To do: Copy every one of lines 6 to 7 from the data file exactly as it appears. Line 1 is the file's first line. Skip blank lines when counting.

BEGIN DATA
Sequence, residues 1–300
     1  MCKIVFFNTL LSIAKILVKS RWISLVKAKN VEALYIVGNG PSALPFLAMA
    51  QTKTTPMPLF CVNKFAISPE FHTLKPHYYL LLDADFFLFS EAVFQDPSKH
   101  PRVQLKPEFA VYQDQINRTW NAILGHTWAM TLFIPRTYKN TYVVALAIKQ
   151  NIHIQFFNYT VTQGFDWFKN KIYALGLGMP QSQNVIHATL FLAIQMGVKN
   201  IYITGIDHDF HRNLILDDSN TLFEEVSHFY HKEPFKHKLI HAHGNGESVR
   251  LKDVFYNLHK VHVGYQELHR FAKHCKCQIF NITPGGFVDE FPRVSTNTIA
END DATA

   201  IYITGIDHDF HRNLILDDSN TLFEEVSHFY HKEPFKHKLI HAHGNGESVR
   251  LKDVFYNLHK VHVGYQELHR FAKHCKCQIF NITPGGFVDE FPRVSTNTIA